Which Joe gave his name to ‘sloppy joes’? We look at five interesting sandwiches and their lexical origins.
1A kind of custard apple with scaly green skin and a flavour resembling that of pineapple.
- ‘The flavour of the pink varieties has a pleasant acidity like that of the cherimoya, while that of the green varieties is sweeter and closer to the sugar-apple.’
- ‘Try nectarines, star fruit, cherimoyas, passion fruit, kiwis or any of the countless items of produce most quality supermarkets stock.’
- ‘In the bowl of a food processor fitted with the metal blade attachment, combine the cherimoya, lime juice, and panela and purée until smooth and the sugar is dissolved, about 45 seconds.’
- ‘Both atemoya, grown in Florida, and cherimoya, grown in California, have green, leathery skins with either scales or a notched, medallion-like design.’
- ‘At Cedar House you get not only the farm's own just-roasted coffee but an array of delicious tropical fruits like apple bananas, starfruit, and cherimoyas - all grown on the farm or very nearby.’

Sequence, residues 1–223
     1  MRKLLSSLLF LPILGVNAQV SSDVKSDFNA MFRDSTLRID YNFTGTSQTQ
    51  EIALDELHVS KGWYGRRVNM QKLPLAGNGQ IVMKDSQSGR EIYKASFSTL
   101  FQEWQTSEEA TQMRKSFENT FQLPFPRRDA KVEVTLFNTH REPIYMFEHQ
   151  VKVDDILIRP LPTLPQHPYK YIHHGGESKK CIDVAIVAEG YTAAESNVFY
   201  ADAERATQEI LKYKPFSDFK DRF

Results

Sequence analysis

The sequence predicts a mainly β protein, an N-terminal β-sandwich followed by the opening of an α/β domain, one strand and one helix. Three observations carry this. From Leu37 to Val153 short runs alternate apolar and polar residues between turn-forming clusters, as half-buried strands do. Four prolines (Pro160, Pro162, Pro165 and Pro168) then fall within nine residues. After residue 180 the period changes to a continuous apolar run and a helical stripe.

- ‘Initially, they were investigating fruits that appear frequently in the flavours of wines grown in warmer climates, but cherimoya, melon, papaya, passionfruit and banana all proved incompatible with Vitis vinifera.’
- ‘Try a cherimoya - a creamy, sweet tropical fruit that tastes a lot like vanilla pudding.’
2The small tree which bears the cherimoya fruit, native to the Andes of Peru and Ecuador.
Mid 18th century: from Spanish, from Quechua, from chiri cold or refreshing + muya circle.
Are you looking for a word for a foolish person? We explore twelve interesting words to describe the dunderheads in your life.
Before you run for the hills, let’s run through a list of ‘run’ expressions that are running through our minds.
The definitions of ‘buddy’ and ‘bro’ in the OED have recently been revised. We explore their history and increase in popularity.